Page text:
Laminate flooring can easily be installed with the right tools and a little preparation before you start. Not only is laminate flooring economical, but it’s also very durable and can be installed within one day for most DIYers. It’s a great choice for almost any room!

Tools You’ll Need

  • Hammer
  • Tape measure
  • Level
  • Jamb saw
  • Circular saw
  • Utility knife
  • Clamps
  • Nail punch
  • Carpenter’s square
  • Foam underlayment
  • Floor installation kits
  • Sealant
  • Silicone caulk
  • Floor leveling compound (if needed)
  • Duct tape
  • Concrete patch
  • FInishing nails
  • Moulding
  • Threshold


First, remove your existing flooring and baseboards, then clean the subfloor of dust and debris so the floor is as smooth and flat as possible. This is important so the laminate flooring can lie down properly. If you have concrete subfloors, make sure any damage is filled with a patching compound. If you have original wood floors, remove protruding nails and replace any damaged boards before you start.

If you are installing the flooring in a room with high humidity or moisture, like a bathroom or laundry room, lay down a vapor barrier before you install the flooring. These can also be installed in other rooms for added protection.

Next, lay out the unopened boxes of laminate planks in the room so they can acclimate to the room’s temperature and humidity levels. Leave them in the room for around 48 hours before you begin the project.

Cut Door Jambs

By cutting your door jambs before you install your new flooring, you will have to make fewer cuts to the laminate and it will produce a more streamlined look when you’re finished. To do this, take a plank of flooring and a section of the underlayment, if needed, and lay it finished side down next to the door’s moulding. This will show you how high up you need to cut the moulding. Then, trace a guide line along the surface of the moulding with a pencil and use your jamb saw to make the cut. Once you’re done, the laminate flooring can simply slip right under the door jamb.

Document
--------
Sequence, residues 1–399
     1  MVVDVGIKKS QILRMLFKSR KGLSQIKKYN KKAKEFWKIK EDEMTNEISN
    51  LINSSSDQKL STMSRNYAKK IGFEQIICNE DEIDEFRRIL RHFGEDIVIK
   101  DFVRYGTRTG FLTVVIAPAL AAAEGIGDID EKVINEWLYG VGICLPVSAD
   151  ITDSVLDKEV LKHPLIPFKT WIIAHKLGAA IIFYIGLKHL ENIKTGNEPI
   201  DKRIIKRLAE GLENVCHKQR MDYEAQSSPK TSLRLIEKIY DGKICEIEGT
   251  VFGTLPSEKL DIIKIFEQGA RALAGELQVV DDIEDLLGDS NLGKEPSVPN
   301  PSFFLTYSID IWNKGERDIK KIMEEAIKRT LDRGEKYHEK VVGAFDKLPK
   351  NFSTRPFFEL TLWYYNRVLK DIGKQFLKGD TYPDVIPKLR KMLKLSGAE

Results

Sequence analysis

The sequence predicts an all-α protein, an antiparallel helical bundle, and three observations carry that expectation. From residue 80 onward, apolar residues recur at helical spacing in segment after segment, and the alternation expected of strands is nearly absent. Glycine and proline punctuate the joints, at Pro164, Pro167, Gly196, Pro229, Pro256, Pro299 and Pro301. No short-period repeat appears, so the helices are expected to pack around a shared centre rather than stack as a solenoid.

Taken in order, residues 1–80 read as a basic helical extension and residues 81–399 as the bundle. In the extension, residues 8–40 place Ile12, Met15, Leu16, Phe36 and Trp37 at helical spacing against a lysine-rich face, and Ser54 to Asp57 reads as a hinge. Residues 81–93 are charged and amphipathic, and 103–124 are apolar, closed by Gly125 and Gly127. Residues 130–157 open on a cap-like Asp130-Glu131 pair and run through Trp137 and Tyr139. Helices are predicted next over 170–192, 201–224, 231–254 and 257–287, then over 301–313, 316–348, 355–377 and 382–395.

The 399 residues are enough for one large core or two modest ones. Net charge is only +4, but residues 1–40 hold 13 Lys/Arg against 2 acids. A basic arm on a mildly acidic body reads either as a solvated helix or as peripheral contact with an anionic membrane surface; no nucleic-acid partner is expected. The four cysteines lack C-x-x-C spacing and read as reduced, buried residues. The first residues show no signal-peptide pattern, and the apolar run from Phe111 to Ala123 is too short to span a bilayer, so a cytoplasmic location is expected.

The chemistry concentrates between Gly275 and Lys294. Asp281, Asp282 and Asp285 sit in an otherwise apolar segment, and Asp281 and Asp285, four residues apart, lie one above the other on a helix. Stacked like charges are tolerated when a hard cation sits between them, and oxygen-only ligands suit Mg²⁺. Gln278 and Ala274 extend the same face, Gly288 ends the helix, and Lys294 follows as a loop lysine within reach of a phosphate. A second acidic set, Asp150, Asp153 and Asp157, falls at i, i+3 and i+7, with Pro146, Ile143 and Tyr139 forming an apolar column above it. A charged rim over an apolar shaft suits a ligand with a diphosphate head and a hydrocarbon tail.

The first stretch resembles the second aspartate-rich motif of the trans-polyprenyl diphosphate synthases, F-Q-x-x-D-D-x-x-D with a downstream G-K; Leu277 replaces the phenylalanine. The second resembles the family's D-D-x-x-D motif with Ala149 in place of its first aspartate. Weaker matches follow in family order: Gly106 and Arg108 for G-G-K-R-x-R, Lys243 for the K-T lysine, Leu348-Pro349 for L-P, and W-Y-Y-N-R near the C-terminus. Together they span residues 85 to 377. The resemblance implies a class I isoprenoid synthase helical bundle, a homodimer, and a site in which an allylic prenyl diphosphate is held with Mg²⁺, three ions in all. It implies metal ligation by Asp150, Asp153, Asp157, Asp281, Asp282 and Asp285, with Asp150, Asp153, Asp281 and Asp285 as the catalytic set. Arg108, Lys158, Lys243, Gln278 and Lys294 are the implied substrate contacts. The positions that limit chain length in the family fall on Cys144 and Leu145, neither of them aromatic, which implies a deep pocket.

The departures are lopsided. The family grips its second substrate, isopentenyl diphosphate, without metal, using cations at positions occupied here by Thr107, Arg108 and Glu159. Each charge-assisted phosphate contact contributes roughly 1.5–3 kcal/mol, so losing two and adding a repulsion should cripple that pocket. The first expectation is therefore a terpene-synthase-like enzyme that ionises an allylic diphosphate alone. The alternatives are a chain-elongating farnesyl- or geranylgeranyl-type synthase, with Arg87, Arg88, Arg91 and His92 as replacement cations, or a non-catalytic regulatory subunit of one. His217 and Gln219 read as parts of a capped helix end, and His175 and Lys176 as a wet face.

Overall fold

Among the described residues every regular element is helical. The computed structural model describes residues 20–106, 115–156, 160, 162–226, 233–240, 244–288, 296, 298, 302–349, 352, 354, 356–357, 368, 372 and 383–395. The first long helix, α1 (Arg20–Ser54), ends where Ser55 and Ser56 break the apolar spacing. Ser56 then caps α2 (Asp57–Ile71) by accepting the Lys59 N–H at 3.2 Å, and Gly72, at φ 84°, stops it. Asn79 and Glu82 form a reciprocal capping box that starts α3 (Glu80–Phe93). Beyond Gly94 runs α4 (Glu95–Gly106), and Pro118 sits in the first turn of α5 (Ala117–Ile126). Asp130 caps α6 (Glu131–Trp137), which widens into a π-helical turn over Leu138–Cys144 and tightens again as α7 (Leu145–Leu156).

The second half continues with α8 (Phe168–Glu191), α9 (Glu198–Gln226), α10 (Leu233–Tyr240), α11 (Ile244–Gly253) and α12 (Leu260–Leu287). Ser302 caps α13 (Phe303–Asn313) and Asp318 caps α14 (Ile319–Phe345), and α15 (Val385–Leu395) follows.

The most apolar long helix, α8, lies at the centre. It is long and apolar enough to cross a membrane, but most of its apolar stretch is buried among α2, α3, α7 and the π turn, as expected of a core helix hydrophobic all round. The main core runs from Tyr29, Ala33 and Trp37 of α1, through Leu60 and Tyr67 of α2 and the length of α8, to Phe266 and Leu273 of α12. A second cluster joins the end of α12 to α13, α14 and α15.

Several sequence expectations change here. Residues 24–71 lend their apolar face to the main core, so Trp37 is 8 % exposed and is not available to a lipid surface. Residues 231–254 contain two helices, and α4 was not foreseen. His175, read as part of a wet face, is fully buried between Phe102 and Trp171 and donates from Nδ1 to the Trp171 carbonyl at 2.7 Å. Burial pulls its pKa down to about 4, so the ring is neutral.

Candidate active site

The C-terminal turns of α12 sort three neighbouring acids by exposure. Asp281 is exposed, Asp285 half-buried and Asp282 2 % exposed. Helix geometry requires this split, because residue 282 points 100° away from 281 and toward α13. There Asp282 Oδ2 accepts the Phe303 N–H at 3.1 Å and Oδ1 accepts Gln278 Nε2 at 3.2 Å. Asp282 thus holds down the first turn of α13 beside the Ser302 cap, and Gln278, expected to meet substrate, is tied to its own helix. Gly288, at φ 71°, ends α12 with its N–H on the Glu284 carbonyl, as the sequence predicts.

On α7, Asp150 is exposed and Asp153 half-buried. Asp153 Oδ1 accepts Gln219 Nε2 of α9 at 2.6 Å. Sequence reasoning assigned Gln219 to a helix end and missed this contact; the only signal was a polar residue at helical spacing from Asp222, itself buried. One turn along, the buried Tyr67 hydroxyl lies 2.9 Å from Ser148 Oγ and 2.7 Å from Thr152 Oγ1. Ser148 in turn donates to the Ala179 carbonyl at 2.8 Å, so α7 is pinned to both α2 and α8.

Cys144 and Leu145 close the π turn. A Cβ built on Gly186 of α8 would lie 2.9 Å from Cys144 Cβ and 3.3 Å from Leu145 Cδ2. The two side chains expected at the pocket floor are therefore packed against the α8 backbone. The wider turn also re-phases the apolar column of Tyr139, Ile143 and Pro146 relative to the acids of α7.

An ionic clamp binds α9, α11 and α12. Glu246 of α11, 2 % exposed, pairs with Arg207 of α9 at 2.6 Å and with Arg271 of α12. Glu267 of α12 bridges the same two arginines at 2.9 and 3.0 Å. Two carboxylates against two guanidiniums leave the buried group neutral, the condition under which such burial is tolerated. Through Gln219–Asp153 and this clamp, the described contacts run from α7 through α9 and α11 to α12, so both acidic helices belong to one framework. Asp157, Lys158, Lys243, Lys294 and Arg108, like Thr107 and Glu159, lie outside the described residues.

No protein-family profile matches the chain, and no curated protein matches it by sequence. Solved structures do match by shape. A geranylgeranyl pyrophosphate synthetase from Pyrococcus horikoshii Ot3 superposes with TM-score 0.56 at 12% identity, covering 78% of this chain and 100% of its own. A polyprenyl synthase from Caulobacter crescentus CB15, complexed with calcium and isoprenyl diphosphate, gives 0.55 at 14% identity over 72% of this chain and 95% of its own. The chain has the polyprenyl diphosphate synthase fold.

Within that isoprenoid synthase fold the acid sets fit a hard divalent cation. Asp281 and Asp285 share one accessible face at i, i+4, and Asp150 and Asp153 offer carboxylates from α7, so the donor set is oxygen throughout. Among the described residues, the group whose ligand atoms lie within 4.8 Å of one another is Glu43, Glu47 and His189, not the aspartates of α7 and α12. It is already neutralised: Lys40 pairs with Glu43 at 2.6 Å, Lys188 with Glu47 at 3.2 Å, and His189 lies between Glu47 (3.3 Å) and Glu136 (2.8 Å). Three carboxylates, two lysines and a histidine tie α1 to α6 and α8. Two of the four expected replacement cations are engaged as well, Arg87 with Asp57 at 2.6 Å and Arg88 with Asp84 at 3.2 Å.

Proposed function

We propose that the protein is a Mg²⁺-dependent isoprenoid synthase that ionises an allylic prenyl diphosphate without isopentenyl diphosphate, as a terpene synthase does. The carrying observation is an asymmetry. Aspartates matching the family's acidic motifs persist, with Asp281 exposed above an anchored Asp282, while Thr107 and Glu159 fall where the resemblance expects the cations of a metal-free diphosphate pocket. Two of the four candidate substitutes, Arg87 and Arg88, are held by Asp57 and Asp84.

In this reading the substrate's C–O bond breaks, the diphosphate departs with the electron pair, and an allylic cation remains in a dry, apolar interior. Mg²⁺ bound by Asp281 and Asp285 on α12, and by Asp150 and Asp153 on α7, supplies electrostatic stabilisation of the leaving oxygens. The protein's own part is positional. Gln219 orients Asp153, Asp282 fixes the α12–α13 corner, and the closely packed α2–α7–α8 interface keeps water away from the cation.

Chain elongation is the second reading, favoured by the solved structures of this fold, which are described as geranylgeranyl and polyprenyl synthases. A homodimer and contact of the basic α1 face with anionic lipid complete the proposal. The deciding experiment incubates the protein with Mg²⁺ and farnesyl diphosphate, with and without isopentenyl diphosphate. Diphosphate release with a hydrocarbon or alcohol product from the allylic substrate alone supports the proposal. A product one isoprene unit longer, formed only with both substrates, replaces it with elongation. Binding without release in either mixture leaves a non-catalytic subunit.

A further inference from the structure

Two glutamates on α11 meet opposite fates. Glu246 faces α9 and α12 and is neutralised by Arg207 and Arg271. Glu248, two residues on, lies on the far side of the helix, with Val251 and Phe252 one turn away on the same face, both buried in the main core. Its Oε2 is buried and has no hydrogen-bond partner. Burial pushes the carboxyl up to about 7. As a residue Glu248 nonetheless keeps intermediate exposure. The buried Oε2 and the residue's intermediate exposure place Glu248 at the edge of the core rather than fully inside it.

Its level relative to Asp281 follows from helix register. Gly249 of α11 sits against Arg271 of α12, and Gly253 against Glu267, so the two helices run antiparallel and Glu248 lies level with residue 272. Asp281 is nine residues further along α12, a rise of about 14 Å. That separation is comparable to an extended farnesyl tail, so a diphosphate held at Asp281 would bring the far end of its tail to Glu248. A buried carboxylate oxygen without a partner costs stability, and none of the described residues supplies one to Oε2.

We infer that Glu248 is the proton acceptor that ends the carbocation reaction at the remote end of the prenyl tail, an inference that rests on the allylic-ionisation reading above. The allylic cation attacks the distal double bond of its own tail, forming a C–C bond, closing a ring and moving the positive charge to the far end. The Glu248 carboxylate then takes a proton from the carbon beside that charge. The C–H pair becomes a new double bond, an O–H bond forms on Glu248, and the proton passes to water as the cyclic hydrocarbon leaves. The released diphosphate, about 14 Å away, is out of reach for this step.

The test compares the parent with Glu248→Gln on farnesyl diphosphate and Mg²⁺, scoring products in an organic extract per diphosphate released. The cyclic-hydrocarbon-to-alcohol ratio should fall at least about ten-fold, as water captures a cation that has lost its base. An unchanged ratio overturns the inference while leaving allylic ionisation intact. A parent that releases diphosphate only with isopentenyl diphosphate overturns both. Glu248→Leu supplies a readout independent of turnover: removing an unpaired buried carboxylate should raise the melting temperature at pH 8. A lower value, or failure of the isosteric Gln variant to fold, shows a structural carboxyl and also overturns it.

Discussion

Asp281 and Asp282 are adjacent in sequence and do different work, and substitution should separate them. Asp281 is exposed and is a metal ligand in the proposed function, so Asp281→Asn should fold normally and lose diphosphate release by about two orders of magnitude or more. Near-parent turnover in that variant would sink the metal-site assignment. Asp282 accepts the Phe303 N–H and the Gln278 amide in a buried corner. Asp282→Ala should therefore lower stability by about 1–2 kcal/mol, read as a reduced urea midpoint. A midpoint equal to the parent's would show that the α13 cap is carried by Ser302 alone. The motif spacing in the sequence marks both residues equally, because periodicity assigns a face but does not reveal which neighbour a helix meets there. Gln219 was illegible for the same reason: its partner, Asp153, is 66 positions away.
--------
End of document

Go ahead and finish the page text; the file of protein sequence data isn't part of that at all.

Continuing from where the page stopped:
Plan Out Laminate Placement

Always install flooring parallel to the longest wall or focal point in the room. First, measure the width of the room from the wall you’ve chosen, then divide the distance by the width of the planks. This will tell you what the width of the final row of planks should be.

Be sure to leave a 3/8-inch gap along both walls to allow the floor to expand. If the last row is going to be less than 3 1/2 inches wide, consider distributing the width needed between the first and last rows. To calculate this, add the width of a full plank to the width needed for the last row. Divide that number by two and cut each plank needed to that width.

To cut the planks, check the cutting instructions for the laminate flooring you’ve chosen. You can cut the planks using a table saw, circular saw, miter saw or hand saw. Cut with the finished side up and use duct tape to mark the plank in a non-permanent fashion.

Install the Underlayment

Laminate underlayment products help dampen sound, protect your floor from moisture and provide insulation. They are easy to install and can be used with glue-down, nail-down or floating installations.

Some laminate flooring comes with attached underlayment, but if yours doesn’t, simply roll out two rows and trim it to size with a utility knife. The underlayment should meet, but not overlap as this could result in visible bumps underneath the planks. Duct tape the seam to hold the underlayment in place and help maintain the vapor barrier.

Install the Laminate Flooring

Laminate flooring will expand and contract due to temperature and humidity fluctuations. Remember to allow for expansion by leaving a 3/8-inch gap around the edges of the floor. Begin the first row of flooring by placing the planks with the tongue side facing the wall. Align the tongue into the groove of your second plank, and press down to snap it in place. When you are done with the first row, cut the plank to fit into place.

Start the second row where you started off the first. This will stagger the seams, which is important to achieve a natural look. Continue to feed the tongue into the groove of the planks, then pressing down to snap them into place. Since the fiber in laminate flooring is susceptible to water damage, make sure there are no gaps between the seams.

Continue snapping planks into place until the row is complete, trimming the last plank to size. Once you’re done installing the laminate flooring, install trim and quarter-round to the bottom of the walls to complete the look.

Are you thinking of installing laminate flooring? Farha’s Carpet and Building Supply has a wide variety of flooring in-stock every day. Call us today at 316-263-1649, or stop in and see us at at 808 W. Harry in Wichita.

(316) 263-1649